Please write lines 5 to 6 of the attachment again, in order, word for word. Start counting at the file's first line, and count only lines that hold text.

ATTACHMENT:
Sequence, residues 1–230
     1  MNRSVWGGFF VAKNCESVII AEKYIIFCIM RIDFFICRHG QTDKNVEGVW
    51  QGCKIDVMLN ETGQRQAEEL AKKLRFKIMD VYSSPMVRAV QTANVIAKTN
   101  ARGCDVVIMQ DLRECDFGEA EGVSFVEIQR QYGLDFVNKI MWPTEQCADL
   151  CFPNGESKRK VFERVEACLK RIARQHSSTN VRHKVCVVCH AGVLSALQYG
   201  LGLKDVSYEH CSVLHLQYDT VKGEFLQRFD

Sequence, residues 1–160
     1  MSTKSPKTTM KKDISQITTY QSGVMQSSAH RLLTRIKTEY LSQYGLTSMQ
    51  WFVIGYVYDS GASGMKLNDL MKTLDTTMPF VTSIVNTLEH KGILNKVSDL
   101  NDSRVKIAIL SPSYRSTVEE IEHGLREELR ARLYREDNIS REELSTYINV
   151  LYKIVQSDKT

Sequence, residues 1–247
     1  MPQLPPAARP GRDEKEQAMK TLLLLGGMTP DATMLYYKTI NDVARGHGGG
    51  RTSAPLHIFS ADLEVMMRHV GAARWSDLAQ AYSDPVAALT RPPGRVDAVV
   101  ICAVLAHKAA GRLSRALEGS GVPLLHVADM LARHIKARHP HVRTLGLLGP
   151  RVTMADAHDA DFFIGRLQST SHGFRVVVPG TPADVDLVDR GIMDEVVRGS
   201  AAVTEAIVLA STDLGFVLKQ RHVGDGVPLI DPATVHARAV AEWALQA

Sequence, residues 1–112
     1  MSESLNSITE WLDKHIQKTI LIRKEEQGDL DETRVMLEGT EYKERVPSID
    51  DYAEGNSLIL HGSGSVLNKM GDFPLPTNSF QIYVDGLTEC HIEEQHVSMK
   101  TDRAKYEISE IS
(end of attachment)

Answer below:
   151  CFPNGESKRK VFERVEACLK RIARQHSSTN VRHKVCVVCH AGVLSALQYG
   201  LGLKDVSYEH CSVLHLQYDT VKGEFLQRFD